Jan Mayen’s remoteness, its unique geography and environment, has particular appeal to adventurous travelers. This isolated island is located between the Greenland and Norwegian Seas, northeast of Iceland. It is located near the intersection of the Jan Mayen Fracture Zone and Mohns mid-ocean ridge. Though claims of its discovery are scattered throughout the centuries, the first person to indisputably find Jan Mayen, in 1614, was a Dutch whaling captain for whom the island was named. The island has belonged to Norway since 1929, and is home to the northernmost active volcano in the world, Haakon VII Toppen/Beerenberg. This volcano is also the island’s highest point, at 7,470 feet, its ice cap spilling glaciers down the slopes while plumes of smoke and vapor rise from the crater. The volcano has erupted six times since 1732, with the eruption in 1970 the first to be witnessed in modern times. Beerenberg is a favorite destination for visitors on their Jan Mayen tour. The most recent eruption was in 1985, with 250,000,000 cubic feet of lava spewing from the volcano in only 40 hours.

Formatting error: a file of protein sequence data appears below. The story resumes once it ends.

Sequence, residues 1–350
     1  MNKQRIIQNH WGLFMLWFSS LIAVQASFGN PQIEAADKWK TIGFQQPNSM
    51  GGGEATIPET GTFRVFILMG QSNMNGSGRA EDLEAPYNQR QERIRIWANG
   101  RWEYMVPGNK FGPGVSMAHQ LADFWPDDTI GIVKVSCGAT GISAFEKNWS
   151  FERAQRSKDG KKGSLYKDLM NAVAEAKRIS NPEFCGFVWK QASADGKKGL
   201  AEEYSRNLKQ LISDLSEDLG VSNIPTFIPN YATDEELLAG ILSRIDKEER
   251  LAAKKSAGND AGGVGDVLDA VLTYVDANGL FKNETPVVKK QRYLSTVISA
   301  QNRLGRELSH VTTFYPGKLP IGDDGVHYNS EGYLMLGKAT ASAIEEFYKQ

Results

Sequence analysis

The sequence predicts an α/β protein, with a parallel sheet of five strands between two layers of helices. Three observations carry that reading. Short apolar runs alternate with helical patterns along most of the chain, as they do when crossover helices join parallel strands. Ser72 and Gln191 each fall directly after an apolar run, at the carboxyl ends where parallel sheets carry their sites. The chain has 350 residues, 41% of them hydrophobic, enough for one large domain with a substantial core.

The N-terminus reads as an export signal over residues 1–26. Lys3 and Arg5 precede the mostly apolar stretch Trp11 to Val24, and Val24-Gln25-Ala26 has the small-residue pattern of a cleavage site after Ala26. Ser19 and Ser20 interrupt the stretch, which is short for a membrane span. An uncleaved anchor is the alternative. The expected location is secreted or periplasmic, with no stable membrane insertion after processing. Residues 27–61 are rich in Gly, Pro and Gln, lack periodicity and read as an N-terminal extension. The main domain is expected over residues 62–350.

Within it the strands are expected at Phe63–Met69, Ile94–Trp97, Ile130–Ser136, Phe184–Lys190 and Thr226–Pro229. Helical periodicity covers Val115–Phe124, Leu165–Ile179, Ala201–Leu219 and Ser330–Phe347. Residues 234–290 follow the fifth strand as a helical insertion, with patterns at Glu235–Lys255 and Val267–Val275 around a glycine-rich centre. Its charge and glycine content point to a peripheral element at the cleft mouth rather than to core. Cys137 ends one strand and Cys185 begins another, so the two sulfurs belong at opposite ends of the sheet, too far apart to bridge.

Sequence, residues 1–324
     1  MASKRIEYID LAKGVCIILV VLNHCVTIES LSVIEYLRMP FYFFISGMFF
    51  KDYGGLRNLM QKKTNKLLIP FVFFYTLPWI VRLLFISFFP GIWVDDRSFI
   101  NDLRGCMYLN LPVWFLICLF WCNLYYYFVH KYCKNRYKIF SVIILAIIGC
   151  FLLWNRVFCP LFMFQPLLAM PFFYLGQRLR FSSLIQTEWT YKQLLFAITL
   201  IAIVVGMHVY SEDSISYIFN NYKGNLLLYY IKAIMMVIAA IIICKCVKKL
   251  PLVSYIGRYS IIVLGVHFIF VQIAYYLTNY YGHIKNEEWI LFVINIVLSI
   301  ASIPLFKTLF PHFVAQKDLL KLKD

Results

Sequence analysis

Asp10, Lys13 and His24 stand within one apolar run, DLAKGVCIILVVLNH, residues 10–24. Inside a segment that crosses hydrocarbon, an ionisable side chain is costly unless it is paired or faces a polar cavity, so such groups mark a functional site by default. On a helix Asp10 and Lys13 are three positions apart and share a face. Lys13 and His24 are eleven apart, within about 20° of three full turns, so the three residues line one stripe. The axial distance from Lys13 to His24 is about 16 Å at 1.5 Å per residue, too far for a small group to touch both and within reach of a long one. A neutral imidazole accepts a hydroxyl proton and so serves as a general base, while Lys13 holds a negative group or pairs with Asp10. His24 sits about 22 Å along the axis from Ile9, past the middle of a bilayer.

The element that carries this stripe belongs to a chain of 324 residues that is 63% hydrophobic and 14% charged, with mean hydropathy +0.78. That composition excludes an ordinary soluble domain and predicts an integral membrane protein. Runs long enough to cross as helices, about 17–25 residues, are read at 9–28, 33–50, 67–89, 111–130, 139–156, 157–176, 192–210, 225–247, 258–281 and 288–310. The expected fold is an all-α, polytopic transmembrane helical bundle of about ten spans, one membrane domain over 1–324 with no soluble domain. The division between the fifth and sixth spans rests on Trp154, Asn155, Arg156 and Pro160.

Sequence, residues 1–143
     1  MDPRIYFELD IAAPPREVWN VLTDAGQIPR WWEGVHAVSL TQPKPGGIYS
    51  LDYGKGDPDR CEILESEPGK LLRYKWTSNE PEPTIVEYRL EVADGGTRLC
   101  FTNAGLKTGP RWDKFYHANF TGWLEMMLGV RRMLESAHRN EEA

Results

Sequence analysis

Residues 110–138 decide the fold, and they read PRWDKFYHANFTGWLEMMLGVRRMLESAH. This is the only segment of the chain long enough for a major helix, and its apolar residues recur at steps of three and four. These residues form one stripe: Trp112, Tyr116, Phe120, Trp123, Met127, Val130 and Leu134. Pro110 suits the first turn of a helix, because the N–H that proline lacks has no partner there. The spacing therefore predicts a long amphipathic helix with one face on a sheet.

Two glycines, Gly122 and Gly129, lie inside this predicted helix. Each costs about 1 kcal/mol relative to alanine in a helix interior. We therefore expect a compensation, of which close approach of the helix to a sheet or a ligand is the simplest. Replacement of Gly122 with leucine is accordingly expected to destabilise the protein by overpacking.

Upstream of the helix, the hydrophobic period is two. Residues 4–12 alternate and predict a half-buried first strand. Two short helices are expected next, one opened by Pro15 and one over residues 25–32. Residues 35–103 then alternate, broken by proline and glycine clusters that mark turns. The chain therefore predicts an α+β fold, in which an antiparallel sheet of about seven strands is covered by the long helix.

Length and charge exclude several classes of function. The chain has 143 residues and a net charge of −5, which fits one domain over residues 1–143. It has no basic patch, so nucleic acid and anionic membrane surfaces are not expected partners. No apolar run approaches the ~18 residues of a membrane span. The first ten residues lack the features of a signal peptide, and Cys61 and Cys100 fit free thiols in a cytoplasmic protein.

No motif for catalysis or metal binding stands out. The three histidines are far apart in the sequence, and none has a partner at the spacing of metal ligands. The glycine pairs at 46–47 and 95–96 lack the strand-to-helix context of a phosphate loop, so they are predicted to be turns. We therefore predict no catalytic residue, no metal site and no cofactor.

Jan Mayen is a long, narrow island—only 34 miles long and two to nine miles wide—with the volcano dominating the northeastern end. During a tour of Jan Mayen, travelers will have the opportunity to explore the southern half of the island that consists of a mountainous ridge of craters, mounds, and domes. Covering only about 230 square miles, it is only slightly more than twice the size of Washington, D.C. It has no native inhabitants, but there is currently a Long-Range Navigation (Loran-C) base and a weather and coastal services station, which are together operated by 18 personnel.
Because of its extreme northern location and the fact that it is a volcanic island partly covered by glaciers, Jan Mayen has no arable land. There is one unpaved landing strip, and planes come to bring supplies (and transport the personnel in and out) only eight to twelve times a year. While the land is mostly barren and dominated by impressive volcanic formations, there is some moss, grass, and small flowers. While on a trip to the island, keep an eye out for the 75 species of vascular plant, 176 species of moss, 140 species of lichen, and 66 species of fungi. In the warmer months, the moss spreads thick, bright green carpets over the rocks, sometimes so lush that people can sink in up to their calves.